Over the years I have purchased many games thinking 'I bet my family might like playing this'. Then, I'll bring it. I'll set it out on the table. I'll show it to them. I'll show them several. Then we play Ticket to Ride. Or worse, Zot. And the new games go back on the shelf or into the tote. *sigh*

So, I seem to have a bit of a dilemma here - *I* want to be able to try out some new games. My family does not necessarily want to try out some new games. New games. No new games. Crap.

I guess a compromise is in order, and some more careful planning about new game selections, if I bring out any at all.

I'm not sure where I'm going with this yet - it's been a good thought process for me. I'm not sure any of you reading are in the same boat as me or not, or have come to similar conclusions, but if you have any ideas on where this is leading me let me know.

Here's my stab at this for me: 'simpler' card based games, quick turns, not too much thinking, probably shorter rather than longer (say 45-90 minutes per game).

Interestingly, this seems to lead me in a couple of directions:
* More modern card based games
* Co-operative games (short turns + encourages social interaction which I think my Mom likes)
* Maybe some shorter puzzly games
* Maybe simpler dice-based games

Here's a short list of games I've been thinking about:
* Bohnanza (although just played recently with my kids and they were just 'ok' with it - I kinda liked it but we had to stop mid-game just as I was getting into it)
* San Juan (perhaps still a bit too much)
* Forbidden Island, maybe Pandemic (we played Forbidden Island with my parents and kids and had a good time before - I need to bring it out again)
* Castle Panic (my Dad enjoyed it and I think it goes in the same direction - quick, fast, easy to learn and play)
* 7 Wonders (might still be too much)
* Blue Moon City (great theme, general mechanics are easy, but some complexity in the card play might be too much)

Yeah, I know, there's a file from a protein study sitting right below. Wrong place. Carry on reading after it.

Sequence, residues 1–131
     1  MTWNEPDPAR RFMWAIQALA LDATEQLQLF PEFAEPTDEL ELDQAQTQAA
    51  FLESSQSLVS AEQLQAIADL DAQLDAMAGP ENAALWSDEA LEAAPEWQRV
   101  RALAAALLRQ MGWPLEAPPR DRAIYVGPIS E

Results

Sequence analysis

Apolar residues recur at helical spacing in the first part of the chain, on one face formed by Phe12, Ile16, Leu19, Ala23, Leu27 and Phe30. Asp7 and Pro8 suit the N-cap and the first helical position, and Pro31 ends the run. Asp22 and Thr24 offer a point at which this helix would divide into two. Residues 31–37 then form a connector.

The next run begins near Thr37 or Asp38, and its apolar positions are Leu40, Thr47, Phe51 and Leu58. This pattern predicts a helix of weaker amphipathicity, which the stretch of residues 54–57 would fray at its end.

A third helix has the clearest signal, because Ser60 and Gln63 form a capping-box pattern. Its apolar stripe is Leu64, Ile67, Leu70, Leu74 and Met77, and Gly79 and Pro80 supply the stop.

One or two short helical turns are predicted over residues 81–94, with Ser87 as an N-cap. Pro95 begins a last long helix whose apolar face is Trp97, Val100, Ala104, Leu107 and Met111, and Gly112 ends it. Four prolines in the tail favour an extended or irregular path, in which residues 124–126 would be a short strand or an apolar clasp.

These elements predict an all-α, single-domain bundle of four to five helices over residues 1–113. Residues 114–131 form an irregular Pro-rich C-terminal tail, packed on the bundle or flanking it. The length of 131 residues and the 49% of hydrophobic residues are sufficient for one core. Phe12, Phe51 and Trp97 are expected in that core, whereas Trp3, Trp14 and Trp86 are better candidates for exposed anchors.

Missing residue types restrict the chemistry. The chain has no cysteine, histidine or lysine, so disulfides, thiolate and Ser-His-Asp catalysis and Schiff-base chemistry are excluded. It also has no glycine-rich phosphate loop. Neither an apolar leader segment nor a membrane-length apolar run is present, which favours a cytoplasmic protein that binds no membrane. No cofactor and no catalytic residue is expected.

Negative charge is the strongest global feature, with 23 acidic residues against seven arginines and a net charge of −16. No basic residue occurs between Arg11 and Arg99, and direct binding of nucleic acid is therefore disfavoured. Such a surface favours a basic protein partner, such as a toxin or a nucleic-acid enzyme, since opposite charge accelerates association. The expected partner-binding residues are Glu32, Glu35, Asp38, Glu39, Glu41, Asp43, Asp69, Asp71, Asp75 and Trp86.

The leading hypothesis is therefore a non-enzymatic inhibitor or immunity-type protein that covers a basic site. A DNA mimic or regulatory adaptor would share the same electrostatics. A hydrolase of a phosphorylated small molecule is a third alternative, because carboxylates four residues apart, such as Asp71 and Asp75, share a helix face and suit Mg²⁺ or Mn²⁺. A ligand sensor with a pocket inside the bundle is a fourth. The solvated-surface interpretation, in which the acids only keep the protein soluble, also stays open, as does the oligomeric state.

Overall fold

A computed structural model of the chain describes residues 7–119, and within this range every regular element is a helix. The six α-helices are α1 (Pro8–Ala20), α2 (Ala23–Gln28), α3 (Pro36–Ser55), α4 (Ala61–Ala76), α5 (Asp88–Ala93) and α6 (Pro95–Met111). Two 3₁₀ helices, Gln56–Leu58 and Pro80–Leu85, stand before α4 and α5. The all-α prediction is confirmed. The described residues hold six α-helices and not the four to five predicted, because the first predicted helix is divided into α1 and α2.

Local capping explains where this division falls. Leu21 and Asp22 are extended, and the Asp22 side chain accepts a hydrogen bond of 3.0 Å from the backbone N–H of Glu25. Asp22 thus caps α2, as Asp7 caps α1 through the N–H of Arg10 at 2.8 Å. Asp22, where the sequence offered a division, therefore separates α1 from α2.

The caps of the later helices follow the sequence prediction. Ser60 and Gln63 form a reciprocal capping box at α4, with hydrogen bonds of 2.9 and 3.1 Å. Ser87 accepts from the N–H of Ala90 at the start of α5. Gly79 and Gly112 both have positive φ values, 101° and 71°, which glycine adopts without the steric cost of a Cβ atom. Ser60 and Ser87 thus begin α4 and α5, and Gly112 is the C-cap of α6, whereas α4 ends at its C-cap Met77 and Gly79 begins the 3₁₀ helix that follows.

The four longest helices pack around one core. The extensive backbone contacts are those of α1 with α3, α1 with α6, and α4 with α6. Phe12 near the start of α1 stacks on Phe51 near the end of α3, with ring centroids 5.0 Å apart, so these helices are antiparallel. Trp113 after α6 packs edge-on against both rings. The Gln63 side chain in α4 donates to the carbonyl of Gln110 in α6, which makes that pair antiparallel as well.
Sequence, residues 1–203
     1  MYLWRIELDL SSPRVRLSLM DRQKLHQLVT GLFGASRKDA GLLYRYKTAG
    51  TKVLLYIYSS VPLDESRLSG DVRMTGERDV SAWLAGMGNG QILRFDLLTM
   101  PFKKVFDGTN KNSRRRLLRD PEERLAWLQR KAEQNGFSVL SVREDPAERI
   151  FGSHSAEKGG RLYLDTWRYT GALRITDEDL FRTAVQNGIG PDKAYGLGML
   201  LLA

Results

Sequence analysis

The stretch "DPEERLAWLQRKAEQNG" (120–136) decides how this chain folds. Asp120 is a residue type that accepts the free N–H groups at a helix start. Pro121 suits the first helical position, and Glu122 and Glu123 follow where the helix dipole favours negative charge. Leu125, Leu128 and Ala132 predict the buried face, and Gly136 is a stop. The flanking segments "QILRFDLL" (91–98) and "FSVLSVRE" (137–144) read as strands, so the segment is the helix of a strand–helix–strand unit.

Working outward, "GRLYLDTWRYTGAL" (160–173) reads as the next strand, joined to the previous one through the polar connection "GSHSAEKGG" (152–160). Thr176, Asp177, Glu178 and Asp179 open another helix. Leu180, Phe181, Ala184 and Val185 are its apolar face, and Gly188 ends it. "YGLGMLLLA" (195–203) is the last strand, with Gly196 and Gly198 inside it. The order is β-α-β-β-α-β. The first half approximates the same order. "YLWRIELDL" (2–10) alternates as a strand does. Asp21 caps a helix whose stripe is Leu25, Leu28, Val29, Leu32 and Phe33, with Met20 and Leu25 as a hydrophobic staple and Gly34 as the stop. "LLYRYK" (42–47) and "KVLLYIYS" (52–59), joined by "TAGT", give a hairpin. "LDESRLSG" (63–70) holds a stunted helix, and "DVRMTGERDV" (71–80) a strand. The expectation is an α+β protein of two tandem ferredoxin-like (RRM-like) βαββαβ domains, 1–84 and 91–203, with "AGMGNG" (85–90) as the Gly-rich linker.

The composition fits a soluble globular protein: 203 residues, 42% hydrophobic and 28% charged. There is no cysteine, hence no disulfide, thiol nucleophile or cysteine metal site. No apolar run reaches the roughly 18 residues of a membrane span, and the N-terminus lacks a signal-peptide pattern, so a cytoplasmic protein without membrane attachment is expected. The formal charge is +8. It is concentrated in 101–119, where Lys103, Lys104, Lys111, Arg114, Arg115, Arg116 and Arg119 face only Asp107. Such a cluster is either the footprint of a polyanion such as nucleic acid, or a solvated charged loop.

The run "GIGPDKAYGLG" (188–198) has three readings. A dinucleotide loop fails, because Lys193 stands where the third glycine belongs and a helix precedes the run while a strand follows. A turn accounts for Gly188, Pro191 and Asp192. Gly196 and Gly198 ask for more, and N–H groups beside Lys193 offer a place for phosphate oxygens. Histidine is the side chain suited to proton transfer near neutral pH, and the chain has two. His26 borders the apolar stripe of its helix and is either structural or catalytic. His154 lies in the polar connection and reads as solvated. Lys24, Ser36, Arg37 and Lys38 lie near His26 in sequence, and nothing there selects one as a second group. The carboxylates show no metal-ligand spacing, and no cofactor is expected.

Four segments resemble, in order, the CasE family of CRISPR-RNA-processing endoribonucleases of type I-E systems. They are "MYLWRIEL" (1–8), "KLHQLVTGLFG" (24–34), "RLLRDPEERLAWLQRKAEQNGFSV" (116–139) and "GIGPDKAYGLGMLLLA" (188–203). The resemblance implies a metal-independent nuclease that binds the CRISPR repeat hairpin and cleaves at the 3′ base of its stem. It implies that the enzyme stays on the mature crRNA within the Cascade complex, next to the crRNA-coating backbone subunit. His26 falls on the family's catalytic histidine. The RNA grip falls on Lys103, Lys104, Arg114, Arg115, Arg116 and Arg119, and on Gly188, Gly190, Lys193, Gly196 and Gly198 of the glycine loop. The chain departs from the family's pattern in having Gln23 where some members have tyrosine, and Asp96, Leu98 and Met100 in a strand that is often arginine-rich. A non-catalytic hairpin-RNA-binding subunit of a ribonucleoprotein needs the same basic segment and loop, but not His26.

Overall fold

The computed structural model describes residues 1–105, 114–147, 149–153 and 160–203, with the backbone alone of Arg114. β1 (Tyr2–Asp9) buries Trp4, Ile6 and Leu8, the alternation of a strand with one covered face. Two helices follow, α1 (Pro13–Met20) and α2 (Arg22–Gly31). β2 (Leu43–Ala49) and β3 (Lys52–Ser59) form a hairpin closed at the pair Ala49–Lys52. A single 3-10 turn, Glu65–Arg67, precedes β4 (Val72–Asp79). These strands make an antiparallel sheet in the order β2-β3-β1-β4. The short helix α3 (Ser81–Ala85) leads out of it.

* Downfall of Pompeii (I think we actually played this a long time ago, but not sure what the feelings were at the time)
* Zooloretto (played once a long while ago - maybe need to bring out again)
* Lucky Loop (simple dice-rolling fun)
* Micro Mutants (fun dexterity game, although more with the kids)
* Mosaix (just picked up this simple to play puzzly game)
* Oregon (if I don't play too hard)
* Show Manager (no one seemed to want to play this before though - just a better sell is needed? I'm wondering if there is too much screwage)
* Straw (simpler card game but I still haven't played it myself and it seems maybe 'too' simple for my tastes)
* Andromeda (just arrived yesterday so haven't played myself yet, but is also by Alan Moon and somewhat luck based??)

I know not to bring ALL of these but want to narrow it down to a handful that might be easy sells. Any recommendations/suggestions would be great (preferably with games I already own)

Final thoughts
Now, one thing you may have noticed is that I've actually been able to get my family to try out a good variety of games - quite a few in fact. You may even say the are NOT non-gamers as a result. This may be true with my Dad, but with my Mom and wife I'm on the fence.

FOLLOW-UP
So, I thought about this independently of the list here and have a different list where I need to simply and also need to try to keep size down due needing to pack luggage and gifts in the SUV as well.

With just Dad:
* Tigris & Euphrates (chess-like, more depth/thought involved plus I've been talking it up for a while)
* Haggis (small, card based, played before and would like to play again)
* Jaipur (small, card based, might even try to play this with Mom)

With my Parents and Wife:
* Showmanager (fast, card based, although worried about screwage)
* Pandemic (co-op, card based)
* Straw (small, fast and simple, card based)
* Oregon (quick turns, card based, relatively easy play)
* Mosaix (small, fast, puzzly, dicey)
* Potion Making: Practice (relatively small, card based, although did not go over well with Geek gamers, but might be good for parents)

With the kids:
* Apples to Apples Sour Edition (my wife picked this up for the kids - has a twist with also picking the 'worst' card)
* Forbidden Island (relatively small, fast, card based)
* Rat-a-tat-Cat (small, fast, card based)

Other Possibilities:
* Micro Mutants (fun dexterity, but box is kinda big)
* Tsuro (got for xmas and haven't played yet so not sure....)
* Pizza Box Football (dicey fun and Dad loves football - haven't played yet but thrifted a decent copy so want to try)
* Dominion (with Hinterlands which I just got for Xmas and added to my combo box!)

Ok, ok, I know the list got a little too long. But I LIKE TO HAVE OPTIONS! Even though I know the X-Box may be the big hit over board games this year shake

And, even if they never want to play the games I keep buying and bringing for them to try.....I can dream, can't I?

Have a Happy New Year!